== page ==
Whilst based at Malta, Wanklyn married his girlfriend Elspeth (Betty) Kinloch at the Holy Trinity Church, Sliema, on 5th May 1938. Wanklyn invited all the officers and men who formed a guard of honour. In those days it was not usual for officers to mix with the lower ranks but Wanklyn showed no prejudice. Wanklyn returned to Gosport in July 1939 and became the First Lieutenant and Second-in-Command of HMS Otway. At the outbreak of WWII Wanklyn was deployed to Malta on 2nd September and thence to Alexandria on 2nd October.
On Christmas Day the vessel docked in Marseilles and Wanklyn was ordered to London to commence his command course. On the 8th January 1940 he was appointed to HMS Dolphin for the Commanding Officer’s Qualifying Course – ‘the Perisher’. Following successful completion his first Command was Submarine H32 which he joined on 5th February 1940. This was followed by Submarine H31 ‘In Command’ on 15th May 1940.
To exert pressure on German Naval Forces Wanklyn undertook a North Sea patrol on 14 July whereupon he sank UJ-126 a German Submarine Chaser which was followed by a sustained counterattack with 8 depth charges directed at the submarine. In August 1940 he was appointed In-Command of HMS Upholder which was at the time being built by Vickers Armstrong Ltd in Barrow-in-Furness. Following completion and work up he sailed via Gibraltar to join the 10th Submarine Flotilla based in Malta. HMS Upholder had a short but very successful wartime carer carrying out 25 Mediterranean patrols. It was in this theatre, operating out of Malta that Wanklyn gained his fearsome reputation, but he made a slow start and his first patrols were largely unsuccessful. This lead his superiors to wonder if this clever, quiet man with a gift for mathematics had what it takes to be a successful captain. However, during his sixth patrol, the ‘Wanklyn Touch’ became apparent and using a combination of innate skill and inspired tactical awareness, he went on to success after success. Not only was he a renowned attacker but was also cool and calm in defence.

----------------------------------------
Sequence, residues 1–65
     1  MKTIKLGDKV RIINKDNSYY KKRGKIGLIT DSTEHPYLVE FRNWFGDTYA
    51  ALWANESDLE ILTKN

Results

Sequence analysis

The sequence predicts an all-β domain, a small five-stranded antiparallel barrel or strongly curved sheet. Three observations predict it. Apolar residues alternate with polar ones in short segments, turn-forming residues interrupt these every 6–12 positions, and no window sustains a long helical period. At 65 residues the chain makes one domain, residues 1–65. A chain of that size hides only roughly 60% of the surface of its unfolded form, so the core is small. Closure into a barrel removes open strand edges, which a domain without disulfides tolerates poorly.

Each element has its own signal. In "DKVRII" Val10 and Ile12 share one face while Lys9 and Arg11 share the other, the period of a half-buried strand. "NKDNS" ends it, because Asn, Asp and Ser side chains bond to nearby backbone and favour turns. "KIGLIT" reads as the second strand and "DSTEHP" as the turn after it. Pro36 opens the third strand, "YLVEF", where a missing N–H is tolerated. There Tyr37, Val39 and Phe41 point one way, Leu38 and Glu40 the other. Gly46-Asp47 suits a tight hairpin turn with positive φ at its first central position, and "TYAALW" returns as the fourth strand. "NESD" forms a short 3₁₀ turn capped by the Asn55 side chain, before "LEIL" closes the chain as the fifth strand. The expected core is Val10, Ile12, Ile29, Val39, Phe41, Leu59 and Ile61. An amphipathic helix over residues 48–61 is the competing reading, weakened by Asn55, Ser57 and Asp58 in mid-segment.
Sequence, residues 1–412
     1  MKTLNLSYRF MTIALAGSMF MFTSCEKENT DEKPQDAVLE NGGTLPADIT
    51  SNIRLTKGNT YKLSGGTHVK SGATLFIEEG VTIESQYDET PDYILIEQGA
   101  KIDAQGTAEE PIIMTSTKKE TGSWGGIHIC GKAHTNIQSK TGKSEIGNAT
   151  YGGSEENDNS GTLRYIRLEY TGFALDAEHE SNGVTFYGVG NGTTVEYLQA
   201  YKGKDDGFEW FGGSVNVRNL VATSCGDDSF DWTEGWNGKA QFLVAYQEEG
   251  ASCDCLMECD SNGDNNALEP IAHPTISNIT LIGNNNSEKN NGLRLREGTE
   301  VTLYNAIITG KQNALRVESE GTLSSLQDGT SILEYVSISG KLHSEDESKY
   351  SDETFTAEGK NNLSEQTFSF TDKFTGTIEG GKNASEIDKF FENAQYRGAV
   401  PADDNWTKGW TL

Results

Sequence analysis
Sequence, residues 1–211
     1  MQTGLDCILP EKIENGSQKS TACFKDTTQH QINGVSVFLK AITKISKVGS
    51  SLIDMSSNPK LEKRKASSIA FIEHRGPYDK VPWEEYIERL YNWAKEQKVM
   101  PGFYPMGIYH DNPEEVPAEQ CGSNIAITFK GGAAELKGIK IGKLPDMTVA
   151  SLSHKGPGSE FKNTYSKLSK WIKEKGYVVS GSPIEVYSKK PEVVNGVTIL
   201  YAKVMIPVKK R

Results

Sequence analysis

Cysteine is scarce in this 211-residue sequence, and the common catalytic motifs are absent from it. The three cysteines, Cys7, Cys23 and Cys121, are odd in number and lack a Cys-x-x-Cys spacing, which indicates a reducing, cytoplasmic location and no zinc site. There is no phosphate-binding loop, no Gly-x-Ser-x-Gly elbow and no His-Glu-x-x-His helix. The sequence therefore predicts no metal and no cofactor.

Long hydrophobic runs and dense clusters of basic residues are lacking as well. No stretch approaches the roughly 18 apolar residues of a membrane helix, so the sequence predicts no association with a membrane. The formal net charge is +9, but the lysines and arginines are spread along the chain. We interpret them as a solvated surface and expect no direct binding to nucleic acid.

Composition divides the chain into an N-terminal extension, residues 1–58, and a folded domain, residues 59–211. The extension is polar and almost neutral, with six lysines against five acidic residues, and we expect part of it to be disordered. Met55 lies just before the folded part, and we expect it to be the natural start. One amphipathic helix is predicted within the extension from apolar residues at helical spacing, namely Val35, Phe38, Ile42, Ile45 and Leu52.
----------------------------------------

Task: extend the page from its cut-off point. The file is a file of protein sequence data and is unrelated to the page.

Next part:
Counterattack was almost inevitable after a successful sinking and Upholder survived 38 depth charges after sinking a cruiser, 33 after being spotted attempting to intercept troopships on a very calm day and 48 in 8 minutes after sinking a tanker. Of the 36 attacks he made, 23 were successful. The most daring sank the large liner-troopship Conte Rosse on 24th May 1941. It was for that specific action that Wanklyn was awarded the Victoria Cross although this, the highest decoration (he also won a DSO**), was usually seen as an award for sustained gallantry of the highest order. Wanklyn’s citation was published in the London Gazette on the 6th December 1941.
Throughout his period in command of Upholder Wanklyn also sank 119,000 tons of enemy merchant shipping carrying vital supplies and reinforcements to the German ‘Afrika Korps’ in North Africa. His total amount of tonnage sank was in excess of 130,000 tons. Wanklyn was killed along with his crew when Upholder was lost on her 25th Mediterranean patrol, becoming overdue on 14th April 1942. Wanklyn’s body was not recovered, and he is commemorated on the Portsmouth Naval Memorial. His medals are not publicly held.
LOCATION OF MEDAL: NOT PUBLICLY HELD.
BURIAL PLACE: BODY LOST. ON PANEL 61 COL 3 OF PORTSMOUTH NAVAL MEMORIAL.
Portsmouth Naval Memorial
(Picture - Thomas Stewart).
Malcolm Wanklyn's painting in the Royal Submarine Museum, Gosport
(Picture - Thomas Stewart).
Memorial to Wanklyn in Meigle, Strathmore, Scotland
The commemorative plaque and its programme from the unveiling in Portpatrick, Scotland on 3rd June 2017 (Steve Lee)